Of course, most of us don’t have access to any kind of a test that can look at a newly formed human being after the moment of conception to determine whether it’s a human being. But, there is another way we can figure this out. It’s known as the law biogenesis. It states that species reproduce after their own kind. In other words, if you have two dogs that come together and mate, they’re going to produce another dog. Two lions that come together and mate are going to produce another lion. So when my wife and I were pregnant, we may have wondered whether we were going to have a boy or a girl, but we didn’t wonder whether we were going to have a human or not because we’re both humans. When my wife and I were pregnant with our second child who turned out to also be a human, we weren’t surprised that we had two humans in a row. We're both humans, so we know the unborn we have after us will also be human. 

The issue of the law of biogenesis produces a very handy test if you want to know what kind of being the unborn is, all you have to do is ask what are its parents. If its parents are human, there’s no way the unborn will not be human. You can’t have two humans come together to produce something that is not human but later becomes one. That would violate everything we know about science and embryology.

The science of embryology speaks decisively to these three points: the unborn is a living being, the unborn is a unique individual being, and the unborn is a human type of being. Based on those three scientific principles or ideas we can come to conclude that the unborn is a human being from the moment of conception. There’s no question about this. It is decisive.

It turns out that standard embryology textbooks confirm what we’ve just pointed out. For example, Before We Are Born: Essentials of Embryology and Birth Defects the sixth edition, which is the most current edition, says this: 

“The zygote, formed by the union of an oocyte and a sperm, is the beginning of a new human being.”

To site another standard embryology textbook Human Embryology and Teratology the third edition, which is also the most recent edition, says, “A new genetically distinct human organism is formed when the chromosomes of the male and female pro nuclei blend in the oocyte.”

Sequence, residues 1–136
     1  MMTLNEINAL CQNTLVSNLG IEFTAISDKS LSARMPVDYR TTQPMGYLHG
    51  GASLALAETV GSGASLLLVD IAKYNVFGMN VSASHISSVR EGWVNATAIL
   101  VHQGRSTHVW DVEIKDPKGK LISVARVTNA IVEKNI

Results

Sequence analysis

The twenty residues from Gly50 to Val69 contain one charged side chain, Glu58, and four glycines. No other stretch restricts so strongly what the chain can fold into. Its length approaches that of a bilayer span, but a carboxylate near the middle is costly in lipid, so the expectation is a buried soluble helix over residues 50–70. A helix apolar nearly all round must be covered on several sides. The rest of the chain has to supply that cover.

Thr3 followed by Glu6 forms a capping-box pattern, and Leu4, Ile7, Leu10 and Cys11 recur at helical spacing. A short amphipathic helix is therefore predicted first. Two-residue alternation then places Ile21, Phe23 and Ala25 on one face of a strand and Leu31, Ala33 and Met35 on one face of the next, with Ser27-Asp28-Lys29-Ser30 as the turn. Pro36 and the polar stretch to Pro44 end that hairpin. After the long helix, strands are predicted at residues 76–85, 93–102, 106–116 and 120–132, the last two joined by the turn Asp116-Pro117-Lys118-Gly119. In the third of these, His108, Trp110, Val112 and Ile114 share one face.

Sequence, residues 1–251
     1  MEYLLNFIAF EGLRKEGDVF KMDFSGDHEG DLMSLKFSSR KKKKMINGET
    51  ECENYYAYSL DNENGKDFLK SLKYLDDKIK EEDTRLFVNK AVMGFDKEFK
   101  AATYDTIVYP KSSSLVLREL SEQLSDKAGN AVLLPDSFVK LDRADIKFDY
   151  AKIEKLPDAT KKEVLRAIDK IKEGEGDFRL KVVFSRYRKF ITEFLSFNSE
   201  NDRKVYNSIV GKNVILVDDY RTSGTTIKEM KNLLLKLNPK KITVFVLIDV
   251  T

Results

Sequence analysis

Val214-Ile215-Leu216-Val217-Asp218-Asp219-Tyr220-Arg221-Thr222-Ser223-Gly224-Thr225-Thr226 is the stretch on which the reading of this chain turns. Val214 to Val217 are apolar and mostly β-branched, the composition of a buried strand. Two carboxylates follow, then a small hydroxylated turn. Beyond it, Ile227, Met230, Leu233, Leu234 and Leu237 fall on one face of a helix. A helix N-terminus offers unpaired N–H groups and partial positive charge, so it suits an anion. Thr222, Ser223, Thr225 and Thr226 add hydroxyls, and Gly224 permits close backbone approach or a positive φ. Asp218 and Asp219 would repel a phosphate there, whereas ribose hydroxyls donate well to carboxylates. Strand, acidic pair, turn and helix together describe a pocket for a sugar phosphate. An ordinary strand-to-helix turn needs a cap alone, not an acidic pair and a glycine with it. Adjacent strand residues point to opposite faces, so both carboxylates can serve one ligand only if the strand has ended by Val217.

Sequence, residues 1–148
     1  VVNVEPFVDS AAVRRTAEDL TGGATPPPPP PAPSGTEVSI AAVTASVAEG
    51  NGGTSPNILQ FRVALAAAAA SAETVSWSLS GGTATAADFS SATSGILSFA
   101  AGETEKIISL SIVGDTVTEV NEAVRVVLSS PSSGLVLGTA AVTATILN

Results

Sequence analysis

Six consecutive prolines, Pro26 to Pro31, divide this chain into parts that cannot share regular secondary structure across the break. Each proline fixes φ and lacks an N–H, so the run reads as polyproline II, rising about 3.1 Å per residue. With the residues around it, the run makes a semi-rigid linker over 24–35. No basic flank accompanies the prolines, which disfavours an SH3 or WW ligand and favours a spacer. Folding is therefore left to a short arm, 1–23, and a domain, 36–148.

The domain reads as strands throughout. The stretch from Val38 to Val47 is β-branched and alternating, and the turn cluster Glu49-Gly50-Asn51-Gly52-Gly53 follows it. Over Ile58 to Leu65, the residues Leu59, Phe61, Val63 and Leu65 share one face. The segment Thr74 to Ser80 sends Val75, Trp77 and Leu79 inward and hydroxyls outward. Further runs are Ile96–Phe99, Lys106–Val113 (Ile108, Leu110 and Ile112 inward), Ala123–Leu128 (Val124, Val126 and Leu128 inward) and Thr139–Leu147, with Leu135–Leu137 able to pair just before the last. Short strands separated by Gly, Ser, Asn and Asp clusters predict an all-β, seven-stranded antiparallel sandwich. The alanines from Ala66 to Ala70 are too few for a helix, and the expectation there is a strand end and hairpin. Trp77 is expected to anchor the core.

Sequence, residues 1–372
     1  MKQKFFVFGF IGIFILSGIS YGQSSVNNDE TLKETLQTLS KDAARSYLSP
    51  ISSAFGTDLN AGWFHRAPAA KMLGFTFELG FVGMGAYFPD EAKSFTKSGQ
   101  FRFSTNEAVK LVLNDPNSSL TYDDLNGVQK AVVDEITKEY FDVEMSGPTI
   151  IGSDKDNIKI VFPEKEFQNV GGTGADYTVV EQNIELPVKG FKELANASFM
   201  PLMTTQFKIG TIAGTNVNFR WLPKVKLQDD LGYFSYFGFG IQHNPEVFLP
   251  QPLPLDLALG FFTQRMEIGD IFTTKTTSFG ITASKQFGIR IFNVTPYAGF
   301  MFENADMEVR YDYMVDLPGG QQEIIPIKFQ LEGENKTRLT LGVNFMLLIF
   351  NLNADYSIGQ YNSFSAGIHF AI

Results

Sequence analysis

Even David Boonan, who is one of the top defenders of abortion in our country, in his book A Defense for Abortion says this, “A human fetus is, after all, simply a human being at a very early stage of his or her development.” 

Even Peter Singer who’s perhaps one of the most devout abortion defenders says that not only is abortion permissible, but it’s even permissible to kill disabled newborn infants for up to four weeks after they’re born. Even he says, “There is no doubt that from the first moment in its existence an embryo conceived from human sperm and egg is a human being.”

There is no reason to think that we don’t know when life begins. This isn’t some question that can’t be answered. We do know when life begins. Life begins at conception. 

Let me add one final comment regarding how sperm and egg are also somehow human beings, they are not. Sperm and egg are different than a human zygote. Human zygote is simply a human being at the first stage of development. So, right after conception you have a human zygote. Sperm and egg are categorically different than a human zygote. Sperm and egg are simply parts of an organism like your skin cells, heart cells or bone cells. A zygote is a complete human organism. A sperm and egg both have 23 chromosomes while a zygote has 46. A sperm and egg have a genetic signature similar to the host, whereas the sperm has a genetic signature similar to the man and the egg has a genetic signature similar to the woman. A human zygote has a completely unique genetic signature from the mother and father. Finally, a sperm and egg have met their full potential. Left on their own they will never become more than sperm and egg. The human zygote left on his own will become a human child and so on and so forth. While human sperm and human egg are parts of a full human being, a human zygote is a full human being. 

The bottom line is this: it’s not the case that we don’t know when human life begins, we do. This is a scientific question, not a philosophical or religious question. Human life begins not with sperm and egg, but when sperm and egg come to meet at conception. That is when you have a new human being. That’s just basic science.

Alan Shlemon